The student-loan industry is under a cloud, hit by allegations that some firms have been paying college financial-aid personnel to steer business their way. The scandal is just the latest twist in what has become an increasingly complex and frustrating process for parents and students in their quest to find ways to fund pricey college educations.

The growing concern over student lending has produced new regulatory proposals aimed at reining in the increasingly sophisticated marketing efforts used by private lenders. It has also sparked calls for parents and students to be more vigilant in looking after their own interests in the financial-aid process.

Companion bills have been introduced in the U.S. Senate and House that aim to protect students and parents from exploitation by requiring more disclosure from lenders about the deals they craft with colleges and universities. The bills would encourage families to maximize their borrowing through the government's loan programs.

"Lenders are increasingly using questionable methods to persuade colleges to steer students to their loans," Sen. Edward Kennedy D.-Mass., wrote in an e-mail response to questions. "In return, the colleges give an unfair advantage to the lenders." A co-introducer of the Student Loan Sunshine Act in the Senate, Kennedy says that too many students don't exhaust their federal loan options, simply because they don't know what funds are available or how to obtain them.

"Students need to know that low-interest loans are available through the government's loan programs," he says. "Our goal under the Sunshine Act is to provide students with honest, straightforward, adequate information."

Lawmakers are reacting to a flurry of revelations about questionable activity in the student-loan business. In recent weeks, Andrew Cuomo, New York's attorney general, announced investigations of more than 100 schools regarding "questionable conflicts of interest."

Brand-name institutions such as New York University and the University of Pennsylvania have agreed to reimburse a total of more than $3 million to students with money they were paid by lenders for loan business. The NYU and University of Pennsylvania settlements cover their relationship with Citibank, by which the schools received payments from Citibank on the basis of loan volume. Citibank has agreed to commit $2 million to a new national fund for educating students and parents about the student-loan industry.

SLM Corp., commonly known as Sallie Mae and the nation's largest student lender, has also agreed to a settlement that includes, among other actions, adopting a code of conduct governing student lending and contributing $2 million to educating students about loans.

Full-service lenders

One of the most important actions that students and parents can take to protect themselves is to get a loan from an institution that has the infrastructure needed to service that loan, says Barmak Nassirian, an associate executive director with the American Association of Collegiate Registrars and Admissions Officers.

"You want to borrow from someone who has the infrastructure so that you know who's going to be servicing the loan," Nassirian says. "It doesn't make sense to go with entities that are not really in the student-lending business. You don't want your loans to go to the lower bidder."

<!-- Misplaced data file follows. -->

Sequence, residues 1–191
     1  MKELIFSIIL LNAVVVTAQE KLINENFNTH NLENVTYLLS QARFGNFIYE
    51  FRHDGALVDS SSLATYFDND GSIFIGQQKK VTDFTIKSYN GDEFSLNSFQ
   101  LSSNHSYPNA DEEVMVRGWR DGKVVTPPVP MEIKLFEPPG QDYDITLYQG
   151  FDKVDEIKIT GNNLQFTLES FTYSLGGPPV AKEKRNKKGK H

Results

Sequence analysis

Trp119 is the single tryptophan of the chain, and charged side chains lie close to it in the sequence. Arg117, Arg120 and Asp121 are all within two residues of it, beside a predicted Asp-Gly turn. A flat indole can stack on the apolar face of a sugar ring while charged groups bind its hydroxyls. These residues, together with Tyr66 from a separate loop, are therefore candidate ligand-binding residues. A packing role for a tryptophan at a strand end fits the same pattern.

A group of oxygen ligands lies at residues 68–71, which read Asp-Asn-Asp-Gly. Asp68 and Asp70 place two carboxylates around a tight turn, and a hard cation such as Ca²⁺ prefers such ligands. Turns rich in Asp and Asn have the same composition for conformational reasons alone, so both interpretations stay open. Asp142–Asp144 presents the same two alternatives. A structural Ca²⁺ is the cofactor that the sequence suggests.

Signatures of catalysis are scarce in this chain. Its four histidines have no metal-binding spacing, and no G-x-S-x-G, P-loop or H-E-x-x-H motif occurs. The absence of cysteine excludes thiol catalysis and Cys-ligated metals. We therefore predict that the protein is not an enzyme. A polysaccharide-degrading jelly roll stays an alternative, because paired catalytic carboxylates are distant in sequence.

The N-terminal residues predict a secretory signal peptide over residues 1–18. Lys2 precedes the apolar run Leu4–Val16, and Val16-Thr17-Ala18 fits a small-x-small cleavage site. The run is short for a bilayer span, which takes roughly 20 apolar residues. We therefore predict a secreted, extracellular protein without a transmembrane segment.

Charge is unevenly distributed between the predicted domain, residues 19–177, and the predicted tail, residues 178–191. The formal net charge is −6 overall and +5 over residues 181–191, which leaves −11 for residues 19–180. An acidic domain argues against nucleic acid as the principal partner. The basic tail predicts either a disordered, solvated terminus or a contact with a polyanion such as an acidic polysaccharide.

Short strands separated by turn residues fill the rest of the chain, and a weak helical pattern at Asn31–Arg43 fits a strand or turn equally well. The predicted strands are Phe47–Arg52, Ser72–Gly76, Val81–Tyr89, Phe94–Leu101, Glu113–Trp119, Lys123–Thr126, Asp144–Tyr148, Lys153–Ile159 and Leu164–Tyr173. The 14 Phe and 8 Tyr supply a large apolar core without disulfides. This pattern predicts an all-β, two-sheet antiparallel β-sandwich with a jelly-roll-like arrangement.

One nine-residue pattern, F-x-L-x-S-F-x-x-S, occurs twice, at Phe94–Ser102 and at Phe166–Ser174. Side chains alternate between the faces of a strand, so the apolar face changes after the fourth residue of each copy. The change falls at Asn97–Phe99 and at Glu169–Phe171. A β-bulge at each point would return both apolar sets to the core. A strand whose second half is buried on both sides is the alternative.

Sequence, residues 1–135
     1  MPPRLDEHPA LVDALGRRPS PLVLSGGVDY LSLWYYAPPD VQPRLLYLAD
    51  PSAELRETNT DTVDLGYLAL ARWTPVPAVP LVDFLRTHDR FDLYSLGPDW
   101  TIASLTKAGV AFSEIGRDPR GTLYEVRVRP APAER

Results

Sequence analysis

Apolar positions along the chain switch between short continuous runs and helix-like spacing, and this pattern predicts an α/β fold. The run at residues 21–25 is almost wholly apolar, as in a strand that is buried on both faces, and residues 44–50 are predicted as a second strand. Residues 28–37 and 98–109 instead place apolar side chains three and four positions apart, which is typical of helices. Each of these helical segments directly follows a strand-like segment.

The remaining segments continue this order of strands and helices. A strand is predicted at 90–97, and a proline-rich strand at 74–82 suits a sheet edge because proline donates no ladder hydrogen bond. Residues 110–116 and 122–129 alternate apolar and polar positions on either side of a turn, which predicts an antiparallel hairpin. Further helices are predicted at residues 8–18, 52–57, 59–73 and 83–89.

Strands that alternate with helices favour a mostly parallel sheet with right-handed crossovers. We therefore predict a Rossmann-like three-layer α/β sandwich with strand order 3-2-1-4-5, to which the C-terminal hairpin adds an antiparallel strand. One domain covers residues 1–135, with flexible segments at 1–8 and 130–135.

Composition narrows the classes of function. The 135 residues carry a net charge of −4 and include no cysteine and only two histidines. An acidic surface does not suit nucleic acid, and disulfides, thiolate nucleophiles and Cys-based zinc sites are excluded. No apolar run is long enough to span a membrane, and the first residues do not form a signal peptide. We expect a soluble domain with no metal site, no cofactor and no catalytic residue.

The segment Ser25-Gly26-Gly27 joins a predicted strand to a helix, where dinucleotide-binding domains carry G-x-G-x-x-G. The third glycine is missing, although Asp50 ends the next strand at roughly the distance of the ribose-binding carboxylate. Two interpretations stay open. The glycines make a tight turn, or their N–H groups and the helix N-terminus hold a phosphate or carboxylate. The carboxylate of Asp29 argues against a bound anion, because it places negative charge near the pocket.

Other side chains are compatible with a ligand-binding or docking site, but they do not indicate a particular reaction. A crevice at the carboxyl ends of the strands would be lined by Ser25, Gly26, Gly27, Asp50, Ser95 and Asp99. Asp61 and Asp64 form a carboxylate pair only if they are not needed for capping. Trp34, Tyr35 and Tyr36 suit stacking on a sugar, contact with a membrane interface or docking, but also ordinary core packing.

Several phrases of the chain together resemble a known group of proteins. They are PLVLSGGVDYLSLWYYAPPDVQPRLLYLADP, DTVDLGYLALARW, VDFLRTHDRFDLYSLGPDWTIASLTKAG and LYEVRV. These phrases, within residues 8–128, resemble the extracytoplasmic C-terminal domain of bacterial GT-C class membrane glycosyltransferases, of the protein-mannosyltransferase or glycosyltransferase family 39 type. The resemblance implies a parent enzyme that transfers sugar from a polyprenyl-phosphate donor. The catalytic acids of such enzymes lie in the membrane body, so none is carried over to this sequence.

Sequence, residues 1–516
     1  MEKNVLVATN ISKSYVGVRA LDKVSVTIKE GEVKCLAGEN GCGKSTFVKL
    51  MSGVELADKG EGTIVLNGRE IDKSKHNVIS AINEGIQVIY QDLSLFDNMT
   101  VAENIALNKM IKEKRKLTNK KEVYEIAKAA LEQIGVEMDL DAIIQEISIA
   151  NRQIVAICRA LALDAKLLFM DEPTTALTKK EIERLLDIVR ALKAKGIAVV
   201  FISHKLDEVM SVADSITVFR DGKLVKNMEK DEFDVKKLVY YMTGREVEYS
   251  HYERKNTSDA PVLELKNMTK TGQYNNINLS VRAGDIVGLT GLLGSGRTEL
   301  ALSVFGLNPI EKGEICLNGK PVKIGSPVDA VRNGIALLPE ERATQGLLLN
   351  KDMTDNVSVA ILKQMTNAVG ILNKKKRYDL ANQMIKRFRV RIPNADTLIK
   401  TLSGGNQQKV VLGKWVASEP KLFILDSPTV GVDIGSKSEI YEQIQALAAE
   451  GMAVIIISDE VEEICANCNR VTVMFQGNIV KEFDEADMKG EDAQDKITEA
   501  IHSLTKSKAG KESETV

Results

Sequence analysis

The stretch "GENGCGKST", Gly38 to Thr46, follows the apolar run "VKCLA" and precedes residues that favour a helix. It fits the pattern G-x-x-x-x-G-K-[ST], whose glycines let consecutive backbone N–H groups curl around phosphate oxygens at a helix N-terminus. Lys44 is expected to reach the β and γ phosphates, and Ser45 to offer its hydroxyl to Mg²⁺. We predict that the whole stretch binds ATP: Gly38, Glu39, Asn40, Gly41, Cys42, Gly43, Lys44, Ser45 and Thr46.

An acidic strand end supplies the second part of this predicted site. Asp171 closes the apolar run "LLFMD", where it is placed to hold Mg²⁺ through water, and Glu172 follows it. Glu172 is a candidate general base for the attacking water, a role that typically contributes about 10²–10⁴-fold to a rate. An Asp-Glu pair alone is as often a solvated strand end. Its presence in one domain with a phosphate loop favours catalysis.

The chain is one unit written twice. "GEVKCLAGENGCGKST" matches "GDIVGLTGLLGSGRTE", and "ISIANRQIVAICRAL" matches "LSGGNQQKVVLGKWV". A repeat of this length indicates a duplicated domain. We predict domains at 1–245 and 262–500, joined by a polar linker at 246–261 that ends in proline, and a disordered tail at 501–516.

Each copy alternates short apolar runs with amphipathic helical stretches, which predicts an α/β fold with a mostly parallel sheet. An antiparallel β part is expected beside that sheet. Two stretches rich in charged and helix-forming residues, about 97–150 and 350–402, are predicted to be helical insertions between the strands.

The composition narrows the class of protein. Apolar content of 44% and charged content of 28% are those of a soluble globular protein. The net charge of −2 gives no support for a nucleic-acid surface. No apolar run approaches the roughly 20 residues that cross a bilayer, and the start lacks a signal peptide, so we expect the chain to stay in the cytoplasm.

Citibank and Sallie Mae are examples of full-service institutions, he says.

As college costs have increased in recent years, federal financial aid has not kept pace, and the private market has blossomed, says Robert Shireman, president and founder of the Institute for College Access & Success, an education research and advocacy nonprofit based in Berkeley, Calif. Consumers must look carefully at terms, he says, to avoid a loan that is "no better than a credit card."

"What we're seeing are these aggressive efforts to gain a piece of the overall student-loan market," Shireman says. "I'm concerned about colleges that portray private loans as part of a financial-aid offer or award and are not clear that those loans may have very high interest rates."

Early look at rates

He warns that consumers should look closely at the rates early in the application process.

"Often loan companies...are asserting the interest rate is the best rate. But once you get into the process, it's not until a few months later they give you the details —and by that time you've taken so many steps you feel it's inevitable and that's the loan you sign up for," he adds.

Also, consumers should look beyond the advertised payment amount, which can be misleading.

"Don't focus on the payment amount that's described by a lender because that payment amount may be based on assumptions of paying over 20 or 30 years," Shireman says.

With increasing activity by private lenders has come more direct-to-consumer marketing over the Internet and regular mail. Borrowers can get overwhelmed by the system and various offers, experts say.

That's why financial-aid administrators should still play a role, says Larry Zaglaniczny, director for congressional relations with the National Association of Student Financial Aid Administrators.

The group maintains that the overwhelming majority of financial-aid administrators have the best interest of their students at heart. "Regrettably, there have been a few individuals who have evidently betrayed trust," he says, "and there have been a number of others where there is an appearance of a conflict of interest. "

Zaglaniczny advises families to speak to multiple sources for reliable aid information.

"If you want to double check something, go right to the director of financial aid," he adds.

Copyright (c) 2007 MarketWatch, Inc.